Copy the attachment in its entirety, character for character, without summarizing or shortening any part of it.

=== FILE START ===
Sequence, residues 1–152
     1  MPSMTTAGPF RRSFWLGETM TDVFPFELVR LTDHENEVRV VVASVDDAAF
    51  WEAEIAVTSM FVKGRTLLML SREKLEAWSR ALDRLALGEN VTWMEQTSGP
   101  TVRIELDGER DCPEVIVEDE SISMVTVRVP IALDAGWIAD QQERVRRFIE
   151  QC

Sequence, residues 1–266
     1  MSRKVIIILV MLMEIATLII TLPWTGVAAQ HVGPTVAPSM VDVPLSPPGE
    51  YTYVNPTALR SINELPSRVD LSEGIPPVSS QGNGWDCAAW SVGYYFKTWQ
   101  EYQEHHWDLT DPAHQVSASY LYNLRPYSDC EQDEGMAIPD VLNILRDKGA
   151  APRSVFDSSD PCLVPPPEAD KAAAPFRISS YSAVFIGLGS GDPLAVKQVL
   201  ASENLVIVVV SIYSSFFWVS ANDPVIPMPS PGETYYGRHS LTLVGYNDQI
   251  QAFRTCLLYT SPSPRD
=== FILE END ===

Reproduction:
Sequence, residues 1–152
     1  MPSMTTAGPF RRSFWLGETM TDVFPFELVR LTDHENEVRV VVASVDDAAF
    51  WEAEIAVTSM FVKGRTLLML SREKLEAWSR ALDRLALGEN VTWMEQTSGP
   101  TVRIELDGER DCPEVIVEDE SISMVTVRVP IALDAGWIAD QQERVRRFIE
   151  QC

Sequence, residues 1–266
     1  MSRKVIIILV MLMEIATLII TLPWTGVAAQ HVGPTVAPSM VDVPLSPPGE
    51  YTYVNPTALR SINELPSRVD LSEGIPPVSS QGNGWDCAAW SVGYYFKTWQ
   101  EYQEHHWDLT DPAHQVSASY LYNLRPYSDC EQDEGMAIPD VLNILRDKGA
   151  APRSVFDSSD PCLVPPPEAD KAAAPFRISS YSAVFIGLGS GDPLAVKQVL
   201  ASENLVIVVV SIYSSFFWVS ANDPVIPMPS PGETYYGRHS LTLVGYNDQI
   251  QAFRTCLLYT SPSPRD